HHAZ Virus (.HHAZ File) πŸ” Decrypt & Removal Guide

Written by Brendan Smith

The Hhaz virus, also known as a ransomware, belongs to the STOP/DJVU family. This malware family is famous for malicious file ciphering. Once the Hhaz virus gets into a system, it scans the system for files such as photos, videos, documents, and more. It changes the file structure and adds the “.hhaz” extension to each file, making them unusable without the decryptor.

Hhaz Virus Overview

Hhaz

πŸ€” Hhaz virus is ransomware that belongs to the DJVU/STOP ransomware family. Its primary purpose is to cipher files that are important to you. Then, this ransomware asks its victims for a ransom payment – ($490 – $980) in Bitcoin.

The Hhaz virus is a malware type that ciphers your files and forces you to pay for their restoration. This malware encrypts different file types. ciphered files become identifiable by a distinct “.hhaz” extension. The affected files become impossible to access and use.

After that, the ransomware demands a ransom payment in Bitcoin from the victims, ranging from $490 to $980. In all cases, a text file with ransom payment guidances is named as “_readme.txt“.

Hhaz Ransomware operates by Salsa20 encryption algorithms to scramble the contents of the targeted files. Since Hhaz virus employs such a robust ciphering method, it becomes incredibly difficult, if not impossible, to find the decryption key without cooperating with the attackers.

Once Hhaz malware finishes the encryption, it shows a ransom note to the victim, asking for a ransom payment for the decryption key. The ransom note contains instructions on the ways of making the payment and often contains threats of system wipeout or ransom amounts surge if the demands are not met within a specified timeframe.

I have made an all-encompassing list of potential solutions, advice, and methods to remove the Hhaz ransomware and decrypt and recover your files. There are cases where you can regain access to the files, while sometimes, it may be impossible.

Brendan Smith
Brendan Smith
IT Security Expert
First, perform a PC scan using an antivirus tool!
I will assist you in removing the Hhaz virus and guide you through the process of decrypting or restoring encrypted files. Below, you will find several universally applicable methods to recover encrypted .hhaz files. It is crucial to thoroughly read and comprehend the entire set of instructions. Do not skip any steps. Each step is of utmost importance and must be completed by you.
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πŸ“Œ Important Reminder!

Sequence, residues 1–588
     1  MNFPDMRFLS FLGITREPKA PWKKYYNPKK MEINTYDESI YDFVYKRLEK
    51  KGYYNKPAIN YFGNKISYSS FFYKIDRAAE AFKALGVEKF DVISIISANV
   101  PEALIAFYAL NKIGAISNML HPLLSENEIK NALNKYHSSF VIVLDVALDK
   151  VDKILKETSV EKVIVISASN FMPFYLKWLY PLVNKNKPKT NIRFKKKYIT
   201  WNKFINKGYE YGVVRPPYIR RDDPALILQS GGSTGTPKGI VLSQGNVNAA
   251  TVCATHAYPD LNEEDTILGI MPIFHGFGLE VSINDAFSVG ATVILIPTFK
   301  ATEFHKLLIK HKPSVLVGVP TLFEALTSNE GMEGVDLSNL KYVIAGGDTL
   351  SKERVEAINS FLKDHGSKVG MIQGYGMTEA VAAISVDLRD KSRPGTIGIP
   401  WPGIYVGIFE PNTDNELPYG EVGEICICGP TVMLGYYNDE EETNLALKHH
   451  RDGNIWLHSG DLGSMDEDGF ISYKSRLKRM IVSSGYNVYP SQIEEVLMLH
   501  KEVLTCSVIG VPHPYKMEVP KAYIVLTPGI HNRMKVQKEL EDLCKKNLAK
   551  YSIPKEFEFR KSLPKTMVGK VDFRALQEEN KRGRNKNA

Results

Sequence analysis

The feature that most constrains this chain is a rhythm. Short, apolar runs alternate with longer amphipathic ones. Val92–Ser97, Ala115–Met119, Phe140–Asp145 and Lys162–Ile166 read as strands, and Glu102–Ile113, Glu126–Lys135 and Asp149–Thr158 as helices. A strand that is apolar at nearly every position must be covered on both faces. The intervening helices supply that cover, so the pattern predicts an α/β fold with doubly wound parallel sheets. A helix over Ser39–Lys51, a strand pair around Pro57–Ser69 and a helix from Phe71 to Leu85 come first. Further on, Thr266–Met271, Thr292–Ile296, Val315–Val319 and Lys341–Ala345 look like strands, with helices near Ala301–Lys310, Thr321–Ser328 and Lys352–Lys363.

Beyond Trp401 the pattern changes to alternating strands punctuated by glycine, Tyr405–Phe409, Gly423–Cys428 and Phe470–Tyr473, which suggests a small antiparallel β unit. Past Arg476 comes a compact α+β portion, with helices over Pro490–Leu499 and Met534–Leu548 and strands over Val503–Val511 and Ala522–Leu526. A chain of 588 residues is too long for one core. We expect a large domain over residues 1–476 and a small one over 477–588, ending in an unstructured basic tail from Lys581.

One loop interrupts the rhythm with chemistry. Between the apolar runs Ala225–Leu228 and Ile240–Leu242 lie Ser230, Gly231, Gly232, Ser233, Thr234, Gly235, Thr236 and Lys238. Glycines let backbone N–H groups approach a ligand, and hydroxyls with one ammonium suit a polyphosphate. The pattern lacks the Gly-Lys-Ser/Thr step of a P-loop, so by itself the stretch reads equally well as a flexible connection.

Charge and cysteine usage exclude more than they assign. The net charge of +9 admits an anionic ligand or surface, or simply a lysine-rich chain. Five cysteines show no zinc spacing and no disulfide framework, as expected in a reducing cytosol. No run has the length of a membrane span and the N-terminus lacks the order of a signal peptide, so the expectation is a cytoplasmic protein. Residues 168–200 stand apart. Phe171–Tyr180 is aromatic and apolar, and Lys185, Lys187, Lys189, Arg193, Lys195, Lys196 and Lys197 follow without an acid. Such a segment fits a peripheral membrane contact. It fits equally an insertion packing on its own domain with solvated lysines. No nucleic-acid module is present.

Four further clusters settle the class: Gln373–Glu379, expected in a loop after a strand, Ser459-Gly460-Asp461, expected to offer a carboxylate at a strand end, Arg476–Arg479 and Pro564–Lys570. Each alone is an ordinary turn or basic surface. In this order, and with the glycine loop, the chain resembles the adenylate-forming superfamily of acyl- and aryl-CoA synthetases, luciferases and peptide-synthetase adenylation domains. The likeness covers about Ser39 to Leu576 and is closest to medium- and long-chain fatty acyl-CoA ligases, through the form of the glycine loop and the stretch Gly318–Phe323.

It is crucial to note that paying the ransom is not a guarantee of the successful recovery of your files. The crooks behind the Hhaz virus are not trustworthy. There were the cases where people have paid the ransom, only to be denied by the cybercriminals with the decryption key provision.

Hhaz employs a unique key for every victim, with one exception:

  • If Hhaz fails to establish a connection with its command and control server (C&C Server) before starting the encryption process, it resorts to using offline keys. An offline key is not unique and is the same for all users, which allows for the decryption of files encrypted by the ransomware.

The Hhaz virus is highly similar to other DJVU ransomware samples like Nbwr, Nbzi, Jazi, and Jawr. This virus encrypts a wide range of common file types and appends its distinct “.hhaz” extension to all files. For instance, a file named “1.jpg” would be altered to “1.jpg.hhaz” and “2.png” to “2.png.hhaz“.

After successful encryption, malware creates a special text file named “_readme.txt” and places it in every folder containing the encrypted files. It as well adds this file to the desktop, so the user will not miss its appearance even without opening folders.

The image below provides a visual representation of files with the “hhaz” extension:

Hhaz Virus - encrypted hhaz files

Encrypted Files by STOP/DJVU Ransomware

Name Hhaz Virus
Ransomware family1 DJVU/STOP2 ransomware
Extension .hhaz
Ransomware note _readme.txt
Ransom From $490 to $980 (in Bitcoins)
Contact [email protected], [email protected]
Detection Win32/Filecoder.Avaddon.H, TrojanDropper:Win32/BcryptInject.A!MTB, BScope.TrojanRansom.Reveton
Symptoms
  • Disables Volume Shadow copies, making victim’s attempts to restore data futile;
  • Installs password-stealing Trojan on the system, like Vidar Stealer or RedLine Stealer;
  • Successfully installs a SmokeLoader backdoor for remote access;
  • Updates the HOSTS file with a list of domains to block access to certain security-related sites;
  • Implements encryption to lock most of your files (photos, videos, documents) and adds a particular “.hhaz” extension;
Fix Tool To remove possible malware infections, scan your PC:


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This message asking payment is for restore files via decryption key:

_readme.txt (STOP/DJVU Ransomware)

_readme.txt (STOP/DJVU Ransomware) – The scary notification insisting users to pay the ransom to unlock the encoded data contains these annoying cautions.

Hhaz ransomware arrives as a set of procedures that are used to perform different tasks on a victim’s computer. One of the first processes being launched is winupdate.exe, a sneaky process that displays a fake Windows update pop-up during the attack. Such a trick helps to convince the victim that their PC has become slow because of a Windows update.